PB: I like that idea of an active audience. We’re so lazy now, perhaps we always have been. If a viewer/reader has to work too hard, they just walk away. They leave the gallery and go to a movie, or put down the poetry and pick up a novel. Do you think about that at all, the play of what is given to a viewer, and what a viewer has to supply himself?
NP: Some times more than others. Most of the time I try to draw something that is a little bit ambiguous, so that whoever is looking at it has room to interpret what’s going on. But there are definitely times when a painting just sort of falls into the “trippy” category and what you see is what you get: lots of colors and patterns that you can’t look at for very long.
PB: Have you worked in watercolor?.. That’s always struck me as one of the most remarkable aspects about Wyeth, they’re watercolors for god’s sake!
NP: Andrew Wyeth works in egg tempera, which is a really archaic style of oil painting. I don’t really use watercolor, but I do use gouache, which is basically an opaque watercolor. The number one question I get asked about my art is “what is gouache?” It’s become kind of a long running joke because it’s almost always the first thing someone who doesn’t know me asks at an art opening. That or, “so how do you pronounce “gouache?” I guess it’s better than “so what inspires you?”
Is egg tempera kind of like shrimp tempura, or am I way off here? and gouache, that’s like a Hungarian soup
, right? How do you get such vivid colors from a meat stew? Is it the veal or the paprika
? And does this all have anything to do with the Talking Heads’ line, “stay hungry?”
NP: Egg tempera is from the early days. When the old masters failed to make a commission, they would deep fry their artwork and eat it piece by piece… No, egg tempera is when you mix raw pigment with the yolk of an egg, it allows for really fine detail but the paint dries incredibly fast and you have a very limited amount of time to use each color. It’s something I’ve always wanted to try.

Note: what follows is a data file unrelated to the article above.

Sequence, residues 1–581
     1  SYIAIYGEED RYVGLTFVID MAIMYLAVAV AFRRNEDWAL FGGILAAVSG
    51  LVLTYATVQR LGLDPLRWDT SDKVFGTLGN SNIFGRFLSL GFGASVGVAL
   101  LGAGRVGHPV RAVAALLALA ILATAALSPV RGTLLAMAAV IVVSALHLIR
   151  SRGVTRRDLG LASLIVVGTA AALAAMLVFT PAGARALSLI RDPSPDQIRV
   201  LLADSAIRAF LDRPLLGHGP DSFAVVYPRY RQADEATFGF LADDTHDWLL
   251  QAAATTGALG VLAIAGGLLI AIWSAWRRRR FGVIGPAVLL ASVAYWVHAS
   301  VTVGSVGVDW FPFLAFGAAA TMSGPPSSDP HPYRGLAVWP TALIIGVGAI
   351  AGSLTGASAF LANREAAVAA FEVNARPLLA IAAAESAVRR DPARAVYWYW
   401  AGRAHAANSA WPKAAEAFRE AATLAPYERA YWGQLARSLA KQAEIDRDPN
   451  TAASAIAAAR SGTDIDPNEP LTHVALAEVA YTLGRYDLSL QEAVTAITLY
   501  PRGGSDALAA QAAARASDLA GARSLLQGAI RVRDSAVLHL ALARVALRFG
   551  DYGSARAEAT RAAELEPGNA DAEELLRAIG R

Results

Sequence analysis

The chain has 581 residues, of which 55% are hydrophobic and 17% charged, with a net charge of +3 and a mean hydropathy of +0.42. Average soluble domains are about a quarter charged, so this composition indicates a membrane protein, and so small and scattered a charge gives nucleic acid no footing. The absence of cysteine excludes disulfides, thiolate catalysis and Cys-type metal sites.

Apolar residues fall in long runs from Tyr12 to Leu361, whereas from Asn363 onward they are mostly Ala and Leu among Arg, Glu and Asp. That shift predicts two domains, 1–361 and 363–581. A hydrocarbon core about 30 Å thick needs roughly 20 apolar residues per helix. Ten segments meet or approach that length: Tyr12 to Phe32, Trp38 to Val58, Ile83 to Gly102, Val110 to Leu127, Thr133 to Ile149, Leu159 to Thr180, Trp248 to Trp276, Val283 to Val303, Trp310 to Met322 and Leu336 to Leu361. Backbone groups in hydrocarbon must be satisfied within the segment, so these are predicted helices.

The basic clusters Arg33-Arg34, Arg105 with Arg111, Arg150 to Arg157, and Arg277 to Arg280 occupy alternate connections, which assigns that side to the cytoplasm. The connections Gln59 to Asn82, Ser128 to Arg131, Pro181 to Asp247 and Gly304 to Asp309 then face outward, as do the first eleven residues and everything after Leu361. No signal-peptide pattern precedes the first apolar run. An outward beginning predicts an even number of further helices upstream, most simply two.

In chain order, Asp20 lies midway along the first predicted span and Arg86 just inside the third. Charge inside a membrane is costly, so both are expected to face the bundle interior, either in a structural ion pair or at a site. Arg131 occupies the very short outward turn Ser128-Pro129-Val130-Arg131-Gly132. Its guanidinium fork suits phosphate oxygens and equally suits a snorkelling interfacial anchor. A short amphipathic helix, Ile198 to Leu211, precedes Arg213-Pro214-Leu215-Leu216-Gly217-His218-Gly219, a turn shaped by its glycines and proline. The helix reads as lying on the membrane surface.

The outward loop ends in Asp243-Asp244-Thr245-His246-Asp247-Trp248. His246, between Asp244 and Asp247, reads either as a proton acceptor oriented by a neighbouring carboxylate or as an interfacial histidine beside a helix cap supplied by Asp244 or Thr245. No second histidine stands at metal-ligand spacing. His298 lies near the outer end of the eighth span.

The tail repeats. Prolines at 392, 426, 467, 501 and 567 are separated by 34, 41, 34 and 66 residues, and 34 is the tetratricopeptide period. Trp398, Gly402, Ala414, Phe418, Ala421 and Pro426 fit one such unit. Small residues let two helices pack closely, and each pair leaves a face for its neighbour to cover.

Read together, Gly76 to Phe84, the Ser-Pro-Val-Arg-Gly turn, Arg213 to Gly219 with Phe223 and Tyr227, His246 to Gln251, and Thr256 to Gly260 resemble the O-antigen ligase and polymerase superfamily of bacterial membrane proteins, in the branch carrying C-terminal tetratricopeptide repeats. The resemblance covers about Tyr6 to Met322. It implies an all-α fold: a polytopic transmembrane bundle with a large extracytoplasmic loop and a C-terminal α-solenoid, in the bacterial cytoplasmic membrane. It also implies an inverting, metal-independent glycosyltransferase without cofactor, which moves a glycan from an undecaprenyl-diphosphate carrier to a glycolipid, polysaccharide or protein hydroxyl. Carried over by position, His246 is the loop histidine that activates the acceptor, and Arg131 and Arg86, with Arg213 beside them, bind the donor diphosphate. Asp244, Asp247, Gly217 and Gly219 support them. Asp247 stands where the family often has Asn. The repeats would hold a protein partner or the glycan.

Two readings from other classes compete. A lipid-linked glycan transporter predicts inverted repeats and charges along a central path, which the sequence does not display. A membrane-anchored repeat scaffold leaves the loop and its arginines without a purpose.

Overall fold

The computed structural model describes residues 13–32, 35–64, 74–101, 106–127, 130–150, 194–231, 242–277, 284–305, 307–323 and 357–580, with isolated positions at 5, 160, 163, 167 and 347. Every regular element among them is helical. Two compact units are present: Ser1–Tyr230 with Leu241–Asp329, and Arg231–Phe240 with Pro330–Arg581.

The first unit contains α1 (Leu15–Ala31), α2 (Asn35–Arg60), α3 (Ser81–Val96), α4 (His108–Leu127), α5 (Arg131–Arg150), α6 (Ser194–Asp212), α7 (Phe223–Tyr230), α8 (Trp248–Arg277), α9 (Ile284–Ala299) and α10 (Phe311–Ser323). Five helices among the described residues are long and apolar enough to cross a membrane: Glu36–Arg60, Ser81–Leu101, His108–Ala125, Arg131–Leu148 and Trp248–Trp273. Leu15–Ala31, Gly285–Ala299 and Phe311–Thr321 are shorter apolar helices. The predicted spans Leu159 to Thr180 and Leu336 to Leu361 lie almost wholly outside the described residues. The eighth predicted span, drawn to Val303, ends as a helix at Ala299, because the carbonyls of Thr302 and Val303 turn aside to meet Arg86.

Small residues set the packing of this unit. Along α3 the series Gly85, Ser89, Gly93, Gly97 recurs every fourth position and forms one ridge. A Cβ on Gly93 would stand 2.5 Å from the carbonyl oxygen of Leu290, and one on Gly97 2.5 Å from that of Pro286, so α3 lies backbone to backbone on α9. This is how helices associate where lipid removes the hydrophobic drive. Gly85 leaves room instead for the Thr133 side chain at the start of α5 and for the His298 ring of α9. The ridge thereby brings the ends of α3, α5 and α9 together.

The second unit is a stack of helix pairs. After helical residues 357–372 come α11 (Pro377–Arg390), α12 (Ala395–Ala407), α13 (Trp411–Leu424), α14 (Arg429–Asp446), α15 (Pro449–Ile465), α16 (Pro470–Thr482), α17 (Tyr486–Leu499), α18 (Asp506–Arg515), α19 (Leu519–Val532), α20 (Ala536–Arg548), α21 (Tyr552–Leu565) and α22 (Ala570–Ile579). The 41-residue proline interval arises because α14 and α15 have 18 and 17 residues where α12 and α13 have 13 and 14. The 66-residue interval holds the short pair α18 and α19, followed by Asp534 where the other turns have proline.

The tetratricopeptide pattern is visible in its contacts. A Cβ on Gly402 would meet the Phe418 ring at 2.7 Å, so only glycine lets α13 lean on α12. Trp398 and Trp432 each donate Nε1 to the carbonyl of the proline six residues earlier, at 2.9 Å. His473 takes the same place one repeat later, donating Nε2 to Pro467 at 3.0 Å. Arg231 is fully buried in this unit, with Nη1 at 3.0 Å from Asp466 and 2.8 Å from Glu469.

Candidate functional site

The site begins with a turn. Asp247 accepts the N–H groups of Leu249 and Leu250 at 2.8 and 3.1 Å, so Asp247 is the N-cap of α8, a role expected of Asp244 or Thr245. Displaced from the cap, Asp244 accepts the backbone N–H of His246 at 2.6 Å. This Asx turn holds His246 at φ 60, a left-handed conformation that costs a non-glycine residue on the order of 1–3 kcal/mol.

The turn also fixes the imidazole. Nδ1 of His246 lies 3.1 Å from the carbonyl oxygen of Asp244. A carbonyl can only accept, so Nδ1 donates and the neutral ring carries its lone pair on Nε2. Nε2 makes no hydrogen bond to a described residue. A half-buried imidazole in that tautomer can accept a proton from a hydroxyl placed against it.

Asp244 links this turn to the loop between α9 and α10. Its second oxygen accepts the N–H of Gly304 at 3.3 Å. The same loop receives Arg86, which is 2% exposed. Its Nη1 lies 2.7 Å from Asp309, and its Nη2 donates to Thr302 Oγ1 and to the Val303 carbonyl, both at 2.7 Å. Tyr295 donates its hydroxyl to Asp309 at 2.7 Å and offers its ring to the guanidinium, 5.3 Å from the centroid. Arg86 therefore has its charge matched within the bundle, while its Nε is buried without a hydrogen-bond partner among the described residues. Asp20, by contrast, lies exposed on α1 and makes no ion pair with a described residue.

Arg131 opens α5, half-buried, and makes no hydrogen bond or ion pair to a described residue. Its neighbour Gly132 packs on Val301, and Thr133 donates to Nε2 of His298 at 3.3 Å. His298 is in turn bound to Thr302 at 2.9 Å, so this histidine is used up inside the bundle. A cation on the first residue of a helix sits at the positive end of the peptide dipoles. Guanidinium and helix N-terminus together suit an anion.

I guess Wyeth’s early works
were done in watercolors, what were your early accordions drawn in? Don’t tell me alphabet soup and Velveeta, uh, cheese?
NP: Probably a mixture of chewed up crayola and snot.
PB: In much of the poetry that PageBoy publishes, the emphasis seems to be on form (music, sound) over content (narrative, meaning). At the very least form informs content rather than vice versa, though of course each must color the other. Can you talk about how narrative develops in your work, i.e. the play of form (color, line, etc.) and content?
NP: It’s usually very organic. I’m definitely more of a drawer than a painter, and I don’t think about colors much until the drawing is completely laid out. It’s pretty simple, I just try to choose interesting colors, and to use color to accent what I feel are the important parts of the drawing.
PB: So do you feel that when you start drawing a story develops, or do you have a certain narrative in mind, and draw toward that end? And how would you describe the relationship in your work between line and narrative?
NP: It completely depends on the drawing. Sometimes I already have a narrative in mind before I start drawing, and sometimes I sketch aimlessly until I start to see something appear. I tend to work on all my pieces for a show at the same time, so they all influence each other and become part of the same story line.
PB: Which artists do you look to as a painter, and in what way?
In the last two years I’ve been more inspired by the natural world than other artists. Portland is such a lush, green place that it’s hard not to be influenced by that. The aquarium in SF, the museum of natural history down in LA… For some of the concept art I did for a comic, I took colors from a king tut exhibit (black, gold, turquoise and pale yellow). But some of my “core artists” that I’ve consistently looked to have been Andrew Wyeth, Georgia O’ Keefe and Jeff Wall
And I guess the last question is, how do you keep rabbits out of your garden
? Do you let them in every once in awhile to see how they influence the work you happen to be working on, or do you have a more cloistered approach?
NP: You’ll have to ask my fake byline, which I will never reveal!